Union calls global academic boycott of Goldsmiths in jobs row

Scholars asked to refuse to speak or help with examinations at university where 46 jobs remain at risk

January 13, 2022
Source: iStock/Sophie Wilson

Goldsmiths, University of London has been hit with the ultimate sanction of a global academic boycott by the UK’s main higher education union.

The institution became the third to be “greylisted” by the University and College Union in the space of 12 months as a long-running dispute over plans to cut up to 46 jobs – the subject of a three-week strike that ended last month – remains unresolved.

The boycott means that the union is asking members and the international academic community to refuse to speak at conferences or events at Goldsmiths that do not directly relate to core teaching duties and to turn down opportunities to act as external examiners for the institution.

The UCU took the action after claiming that management planned to “rank and yank” academics based on their skills and achievements in order to decide who is dismissed.

The institution is seeking to dismiss up to seven academics in its English and creative writing department and a further seven historians, plus up to 32 professional services staff.

The backdrop to the row is mounting financial difficulties at Goldsmiths, which reported a £6.5 million deficit last year, and a £12 million loss the year before. The college blames growing staff expenditure, costs relating to Covid-19, including the loss of overseas student income, and government funding cuts.

But critics point to the university’s decision to sign up to “punitive” new financial covenants with the institution’s banks – arguing that senior management panicked in the depths of the pandemic and sought new credit in fear of worst-case scenarios that never materialised.

Last year, the college agreed a deal with Lloyds and NatWest “to amend the terms” of existing loan facilities totalling £12.5 million, while gaining access to two new short-term credit facilities of £5 million and £7 million, accounts show. The agreement involved “revision to the financial covenants” – commitments that borrowers will operate within rules set by the lender.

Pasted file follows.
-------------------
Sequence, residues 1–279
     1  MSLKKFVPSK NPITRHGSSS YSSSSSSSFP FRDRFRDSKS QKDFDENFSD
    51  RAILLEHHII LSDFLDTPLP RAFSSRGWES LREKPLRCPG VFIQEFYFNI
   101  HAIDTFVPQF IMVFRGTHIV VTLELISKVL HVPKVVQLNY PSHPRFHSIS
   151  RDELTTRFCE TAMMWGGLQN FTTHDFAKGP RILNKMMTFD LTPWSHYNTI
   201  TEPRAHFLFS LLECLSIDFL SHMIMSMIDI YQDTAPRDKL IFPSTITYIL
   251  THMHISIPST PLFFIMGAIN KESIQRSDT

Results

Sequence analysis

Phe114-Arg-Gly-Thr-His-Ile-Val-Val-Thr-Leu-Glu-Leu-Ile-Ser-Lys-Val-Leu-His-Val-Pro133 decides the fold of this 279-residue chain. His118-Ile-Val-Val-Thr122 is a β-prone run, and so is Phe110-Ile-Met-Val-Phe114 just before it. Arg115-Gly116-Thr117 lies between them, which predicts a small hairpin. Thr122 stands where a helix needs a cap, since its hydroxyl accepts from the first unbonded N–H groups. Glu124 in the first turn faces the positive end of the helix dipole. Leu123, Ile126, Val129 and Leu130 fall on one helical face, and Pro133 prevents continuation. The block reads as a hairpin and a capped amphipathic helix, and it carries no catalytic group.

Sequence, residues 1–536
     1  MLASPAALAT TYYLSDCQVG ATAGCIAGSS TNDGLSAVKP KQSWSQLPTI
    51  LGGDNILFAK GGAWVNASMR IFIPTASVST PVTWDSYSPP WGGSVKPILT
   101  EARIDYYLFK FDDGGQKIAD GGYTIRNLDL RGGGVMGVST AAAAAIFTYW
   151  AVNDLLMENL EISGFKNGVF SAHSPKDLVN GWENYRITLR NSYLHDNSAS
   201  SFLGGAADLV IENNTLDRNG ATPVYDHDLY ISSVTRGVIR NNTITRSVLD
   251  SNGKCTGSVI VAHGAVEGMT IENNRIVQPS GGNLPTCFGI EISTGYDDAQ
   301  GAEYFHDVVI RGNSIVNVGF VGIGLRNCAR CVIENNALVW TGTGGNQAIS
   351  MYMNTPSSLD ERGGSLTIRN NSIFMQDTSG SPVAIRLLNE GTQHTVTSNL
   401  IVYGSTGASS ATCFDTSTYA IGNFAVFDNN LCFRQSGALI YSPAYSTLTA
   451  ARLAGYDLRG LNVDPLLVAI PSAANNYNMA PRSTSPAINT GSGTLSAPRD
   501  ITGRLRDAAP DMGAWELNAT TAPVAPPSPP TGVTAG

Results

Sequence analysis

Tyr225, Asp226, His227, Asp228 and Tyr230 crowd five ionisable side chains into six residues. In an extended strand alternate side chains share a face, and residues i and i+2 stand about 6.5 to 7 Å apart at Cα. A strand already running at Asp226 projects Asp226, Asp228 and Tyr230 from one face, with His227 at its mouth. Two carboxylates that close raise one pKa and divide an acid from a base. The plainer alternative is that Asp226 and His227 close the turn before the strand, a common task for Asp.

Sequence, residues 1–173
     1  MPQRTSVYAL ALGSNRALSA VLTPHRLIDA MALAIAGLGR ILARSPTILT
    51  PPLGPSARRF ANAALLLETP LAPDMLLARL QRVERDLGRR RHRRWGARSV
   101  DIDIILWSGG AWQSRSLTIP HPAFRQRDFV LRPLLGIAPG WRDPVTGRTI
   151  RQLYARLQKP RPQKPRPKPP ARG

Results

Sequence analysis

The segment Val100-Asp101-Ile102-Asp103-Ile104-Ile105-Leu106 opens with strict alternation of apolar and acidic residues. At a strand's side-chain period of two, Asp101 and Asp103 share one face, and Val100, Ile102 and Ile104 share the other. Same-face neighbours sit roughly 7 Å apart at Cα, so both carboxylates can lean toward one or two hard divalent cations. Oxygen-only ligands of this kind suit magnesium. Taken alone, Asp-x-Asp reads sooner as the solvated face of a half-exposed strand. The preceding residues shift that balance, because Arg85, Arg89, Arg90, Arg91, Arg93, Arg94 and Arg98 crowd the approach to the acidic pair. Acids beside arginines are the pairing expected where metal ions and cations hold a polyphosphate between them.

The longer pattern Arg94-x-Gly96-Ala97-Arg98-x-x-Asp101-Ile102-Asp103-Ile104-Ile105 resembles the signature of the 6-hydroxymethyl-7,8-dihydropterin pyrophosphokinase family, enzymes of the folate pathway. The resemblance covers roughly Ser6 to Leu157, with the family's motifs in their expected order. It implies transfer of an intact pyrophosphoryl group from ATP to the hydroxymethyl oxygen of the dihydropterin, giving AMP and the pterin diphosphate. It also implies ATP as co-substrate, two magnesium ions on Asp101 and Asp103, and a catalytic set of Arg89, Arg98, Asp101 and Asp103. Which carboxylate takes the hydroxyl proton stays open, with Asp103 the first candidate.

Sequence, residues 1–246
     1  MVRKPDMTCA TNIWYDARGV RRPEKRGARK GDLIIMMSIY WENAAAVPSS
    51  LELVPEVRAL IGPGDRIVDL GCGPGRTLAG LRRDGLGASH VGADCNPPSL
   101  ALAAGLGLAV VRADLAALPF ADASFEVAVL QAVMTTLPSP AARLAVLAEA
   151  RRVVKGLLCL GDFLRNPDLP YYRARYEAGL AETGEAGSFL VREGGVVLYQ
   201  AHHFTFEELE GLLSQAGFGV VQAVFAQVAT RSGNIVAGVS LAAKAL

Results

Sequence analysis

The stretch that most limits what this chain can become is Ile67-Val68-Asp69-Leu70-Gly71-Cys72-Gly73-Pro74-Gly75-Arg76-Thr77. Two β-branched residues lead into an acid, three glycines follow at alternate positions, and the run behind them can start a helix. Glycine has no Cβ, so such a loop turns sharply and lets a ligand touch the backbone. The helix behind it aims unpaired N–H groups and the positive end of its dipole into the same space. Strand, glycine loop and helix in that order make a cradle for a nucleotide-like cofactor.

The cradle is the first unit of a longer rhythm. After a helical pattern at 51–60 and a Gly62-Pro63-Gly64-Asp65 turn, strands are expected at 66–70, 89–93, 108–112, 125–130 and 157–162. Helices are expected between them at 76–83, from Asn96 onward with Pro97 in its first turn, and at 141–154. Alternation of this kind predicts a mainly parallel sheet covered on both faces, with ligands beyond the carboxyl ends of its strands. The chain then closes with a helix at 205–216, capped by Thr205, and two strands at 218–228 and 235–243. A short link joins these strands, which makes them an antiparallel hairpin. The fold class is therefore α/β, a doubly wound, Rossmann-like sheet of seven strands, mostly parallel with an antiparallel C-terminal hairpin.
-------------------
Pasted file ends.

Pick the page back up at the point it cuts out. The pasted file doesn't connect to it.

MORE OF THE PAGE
As it turned out, the college did not make use of the first short-term credit facility (the second runs for six weeks up to 26 May 2022).

The Goldsmiths UCU branch says its call for senior management to release the full terms of the new covenants with the banks has been refused. But according to those in the union with some knowledge of the agreement, the college has moved from having covenants based on staying within certain a debt-to-assets ratio, to those involving cash levels and EBITDA (earnings before interest, taxes, depreciation and amortisation), a measure of financial performance.

The UCU argues that the new covenants in effect require the college to rapidly move to permanent surplus – and that because cost-cutting measures such as selling off buildings cannot help the college meet the EBITDA covenant, they make major job losses inevitable.

Jo Grady, the UCU general secretary, said Goldsmiths’ leaders “have not only disastrously mismanaged the university but are now using disgraceful rank and yank tactics to get rid of staff. It is little wonder staff and students at Goldsmiths are all united in opposing these shameful cuts.

“It is rare for UCU to call for a global academic boycott, and doing so reflects the seriousness of the situation. We are calling on academics throughout the world to join us in boycotting the university until management cancel the compulsory redundancies,” Dr Grady said.

The UCU greylisted the University of Liverpool in July 2021 and the University of Leicester in May 2021 in separate disputes over redundancies.

A Goldsmiths spokesman said that the university “needs to save £9 million in ongoing spend over the next two years to put the college back on a sustainable financial footing”, and that the English and history departments had been unable to meet their savings targets, hence the risk of redundancies.

“The real losers from any ‘global boycott’ are likely to be our local communities. Such a move threatens to undermine our work with local partners and will only damage communities in the Lewisham area struggling to recover from the pandemic and risks depriving local young people of the chance to learn new skills and discover new opportunities,” the Goldsmiths spokesman said.

“Goldsmiths has repeatedly invited Goldsmiths UCU to join the college at ACAS [the Advisory, Conciliation and Arbitration Service] for talks with no preconditions on either side to help find a shared way forward. So far, this offer has been rejected, but we remain ready to meet.”


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